Also, the sounds of the surrounding environment, like a plane flying overhead, become a part of the exhibit. “All the combined sounds of the environment enter into the mix and it makes it sound musical.

“(The exhibit) is loud enough where if you’re standing in the middle, if you listen, you can hear all 20 speakers. It’s loud enough, but not oppressively dominating. You get the sense of 20 things making sound in the environment. “You hear all kinds of great things.”

How the speakers are set up depends on the location, said Colorusso, adding that he works to integrate the display into the environment. “The goal is to try to make it so at some point, people feel like they are surrounded by speakers. Other than that, I try to put them in a way that makes sense with whatever the landscape is. For example, when the display was on a beach in Cohasset on the east coast, Colorusso set up the speakers to get a good mix of the sound from the waves as well as from the boxes themselves. “From my point of view, I’m just trying to get out of the way. I feel like I just create a system and let it run.”

In Turner Falls, Massachusetts, with three days at each location, Colorusso said he’ll be changing the arrangement each day.

All the speakers are made of the same wood: Baltic birch. But each box is different because of the unique characteristics of the wood used to make it.

“When you look closer, you see the little differences that signify the speakers as individuals.”

The B-flat sixth chord is made up of four notes, said Colorusso. “It is just a very beautiful chord.

“I went through a few B-flat chords before I settled on the sixth. I definitely wanted something uplifting.

“I wanted the chord to resolve itself. I wanted there to be just enough dissonance so it’s kind of interesting and makes participants focus on it, but it’s not too dissonant.”

If the chord is too dissonant, the experience won’t be as calming, Colorusso said.

Sound roots
For many years, Colorusso played guitar and sang in several rock bands.

About 15 years ago, he decided it was time for a change. “I loved being on tour, but didn’t like playing in bars.”

As a musician, you work really hard to play music. Then, you get together with others and end up playing in a space not really designed to hear music, like a bar, Colorusso said.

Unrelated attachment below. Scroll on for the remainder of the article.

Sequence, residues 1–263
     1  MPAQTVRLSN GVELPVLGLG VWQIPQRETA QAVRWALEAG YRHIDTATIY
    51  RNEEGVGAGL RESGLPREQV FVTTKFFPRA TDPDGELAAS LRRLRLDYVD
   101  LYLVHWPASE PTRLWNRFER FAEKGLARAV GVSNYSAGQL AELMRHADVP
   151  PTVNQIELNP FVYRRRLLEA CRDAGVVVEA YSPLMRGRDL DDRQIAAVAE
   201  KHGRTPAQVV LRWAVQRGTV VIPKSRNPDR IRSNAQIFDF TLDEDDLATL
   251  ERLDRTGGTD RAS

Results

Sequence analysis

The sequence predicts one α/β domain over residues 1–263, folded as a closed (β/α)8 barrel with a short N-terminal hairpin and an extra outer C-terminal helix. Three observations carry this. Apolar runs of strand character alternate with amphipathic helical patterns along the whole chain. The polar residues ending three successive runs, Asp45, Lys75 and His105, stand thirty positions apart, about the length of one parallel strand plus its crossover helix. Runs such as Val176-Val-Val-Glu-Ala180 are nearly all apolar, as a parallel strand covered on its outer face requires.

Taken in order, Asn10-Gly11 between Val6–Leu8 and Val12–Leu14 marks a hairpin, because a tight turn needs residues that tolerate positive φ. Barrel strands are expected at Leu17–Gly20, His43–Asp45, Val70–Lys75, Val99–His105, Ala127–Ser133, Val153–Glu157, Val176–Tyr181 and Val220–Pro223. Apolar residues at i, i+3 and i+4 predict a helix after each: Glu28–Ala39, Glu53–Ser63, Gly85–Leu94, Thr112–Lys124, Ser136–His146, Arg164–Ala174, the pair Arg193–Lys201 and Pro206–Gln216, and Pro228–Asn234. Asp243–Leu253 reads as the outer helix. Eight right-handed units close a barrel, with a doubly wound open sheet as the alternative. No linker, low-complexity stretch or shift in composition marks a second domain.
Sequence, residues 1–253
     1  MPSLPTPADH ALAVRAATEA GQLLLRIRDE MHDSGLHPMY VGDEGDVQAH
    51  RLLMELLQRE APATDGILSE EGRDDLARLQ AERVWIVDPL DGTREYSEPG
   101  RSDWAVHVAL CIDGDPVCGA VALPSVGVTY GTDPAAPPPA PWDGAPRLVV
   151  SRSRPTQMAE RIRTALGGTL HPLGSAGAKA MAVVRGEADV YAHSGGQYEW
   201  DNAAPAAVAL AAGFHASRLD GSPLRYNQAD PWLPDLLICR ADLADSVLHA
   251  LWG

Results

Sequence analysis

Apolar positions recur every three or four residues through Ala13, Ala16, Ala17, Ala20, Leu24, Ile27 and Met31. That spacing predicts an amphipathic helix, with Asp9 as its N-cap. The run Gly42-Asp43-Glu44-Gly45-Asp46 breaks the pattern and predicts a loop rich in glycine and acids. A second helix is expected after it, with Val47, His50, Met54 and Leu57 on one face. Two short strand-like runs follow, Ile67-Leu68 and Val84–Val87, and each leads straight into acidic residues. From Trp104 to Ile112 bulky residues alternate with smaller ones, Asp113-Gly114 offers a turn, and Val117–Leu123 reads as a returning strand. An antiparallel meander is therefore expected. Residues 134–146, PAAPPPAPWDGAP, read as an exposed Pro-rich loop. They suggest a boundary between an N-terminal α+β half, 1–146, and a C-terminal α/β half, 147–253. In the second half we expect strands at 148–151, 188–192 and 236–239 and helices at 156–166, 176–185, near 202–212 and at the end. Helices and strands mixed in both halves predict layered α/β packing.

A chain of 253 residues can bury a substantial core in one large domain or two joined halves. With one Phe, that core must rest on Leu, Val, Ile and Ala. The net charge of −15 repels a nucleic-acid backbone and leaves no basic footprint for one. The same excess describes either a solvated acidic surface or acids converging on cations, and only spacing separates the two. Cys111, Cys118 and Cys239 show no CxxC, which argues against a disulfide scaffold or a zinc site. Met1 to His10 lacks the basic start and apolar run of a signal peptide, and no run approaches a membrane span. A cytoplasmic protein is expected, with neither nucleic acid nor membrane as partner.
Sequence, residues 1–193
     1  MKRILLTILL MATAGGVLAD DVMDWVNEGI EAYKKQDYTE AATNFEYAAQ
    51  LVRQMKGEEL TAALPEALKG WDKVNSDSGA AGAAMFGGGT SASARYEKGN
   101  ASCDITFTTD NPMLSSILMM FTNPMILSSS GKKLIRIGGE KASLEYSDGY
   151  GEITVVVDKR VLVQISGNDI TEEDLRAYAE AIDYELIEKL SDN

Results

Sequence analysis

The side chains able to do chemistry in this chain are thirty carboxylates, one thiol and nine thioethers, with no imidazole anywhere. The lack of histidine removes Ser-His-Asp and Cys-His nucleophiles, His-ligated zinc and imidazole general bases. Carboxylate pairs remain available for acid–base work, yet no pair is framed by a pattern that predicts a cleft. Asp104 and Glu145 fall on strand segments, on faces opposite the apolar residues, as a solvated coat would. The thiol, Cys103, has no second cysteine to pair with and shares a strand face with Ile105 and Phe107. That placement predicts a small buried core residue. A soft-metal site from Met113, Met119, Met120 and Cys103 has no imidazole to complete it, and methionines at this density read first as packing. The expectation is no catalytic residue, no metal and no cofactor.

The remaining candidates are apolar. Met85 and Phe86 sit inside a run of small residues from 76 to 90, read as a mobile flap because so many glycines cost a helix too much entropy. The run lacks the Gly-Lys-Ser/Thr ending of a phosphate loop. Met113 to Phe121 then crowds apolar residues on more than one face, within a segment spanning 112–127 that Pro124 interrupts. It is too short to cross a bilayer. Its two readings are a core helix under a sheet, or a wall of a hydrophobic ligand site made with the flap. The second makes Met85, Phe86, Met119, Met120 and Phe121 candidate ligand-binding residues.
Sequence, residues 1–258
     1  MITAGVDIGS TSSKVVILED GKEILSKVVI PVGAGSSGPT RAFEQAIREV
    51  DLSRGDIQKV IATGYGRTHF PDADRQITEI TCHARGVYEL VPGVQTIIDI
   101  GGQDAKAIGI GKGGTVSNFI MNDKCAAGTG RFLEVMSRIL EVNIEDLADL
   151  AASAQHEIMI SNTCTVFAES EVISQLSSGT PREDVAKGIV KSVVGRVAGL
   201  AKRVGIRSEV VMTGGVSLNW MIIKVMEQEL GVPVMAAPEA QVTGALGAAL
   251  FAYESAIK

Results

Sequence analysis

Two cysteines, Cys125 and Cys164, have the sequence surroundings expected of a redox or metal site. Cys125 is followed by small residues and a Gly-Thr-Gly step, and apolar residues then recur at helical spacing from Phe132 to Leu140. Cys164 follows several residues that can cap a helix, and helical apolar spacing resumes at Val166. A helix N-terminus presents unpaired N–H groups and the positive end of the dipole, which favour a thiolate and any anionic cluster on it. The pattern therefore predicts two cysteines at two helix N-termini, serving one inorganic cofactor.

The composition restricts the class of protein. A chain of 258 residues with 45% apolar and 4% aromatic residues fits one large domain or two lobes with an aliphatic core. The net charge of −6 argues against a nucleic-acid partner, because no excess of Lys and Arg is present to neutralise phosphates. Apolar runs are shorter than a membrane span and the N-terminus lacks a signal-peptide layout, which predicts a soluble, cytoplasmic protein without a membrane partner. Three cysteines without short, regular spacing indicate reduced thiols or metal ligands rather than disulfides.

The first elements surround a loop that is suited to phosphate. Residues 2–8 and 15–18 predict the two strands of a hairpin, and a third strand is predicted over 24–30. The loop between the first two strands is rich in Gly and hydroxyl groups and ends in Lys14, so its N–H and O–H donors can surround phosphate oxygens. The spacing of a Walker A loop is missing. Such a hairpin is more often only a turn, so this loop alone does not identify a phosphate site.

He wanted to do something more with sound. Something where people could interact with sound. “I wanted to play music, but I didn’t want to play songs and I wanted to incorporate other things like light and sculpture.” So, he began creating sound installations.

“I just wanted to make a space where people would feel like they’re entering a new space,” Colorusso said. “That’s the key to it.

The physicality of it.”

Colorusso says there’s a physicality to bands and the music they make but, he adds, “It sort of just feels like it’s touching on the surface of what it could be.”

In each of his installations, Colorusso works to transform an environment.

For his first project, he collaborated with Joel Westerdale, who played drums in China Pig, a band or which Colorusso used to sing and play guitar. They created the installation “Maschine,” which took place in Miracle Printing in Danbury, Conn. Along with the guitar and bass clarinet, played by Colorusso, and the drums, played by Westerdale, they used the shop’s offset printers as instruments.

Among Colorusso’s other pieces: “Duet in B,” in which live guitar and violin music was played through speakers hidden within the walls of a maze-like structure; “Cubemusic,” in which six independent audio channels transmitted from six aluminum cubes outfitted with an independent lighting array; and “Songs Like Paper,” an instillation of recycled paper, glue, paint and gentle guitar music.

Then, Colorusso got a call from his friend David Sanchez-Burr. “He said ‘Come up with something solar.

We’re going to the desert.’”

It was an invitation to a residency at the Goldwell Open Air Museum in Rhyolite, Nev., in June 2009.

The purpose of the residency was to create off-the-grid arts or arts that made use of alternative energy. Colorusso came up with his “Sun Boxes.”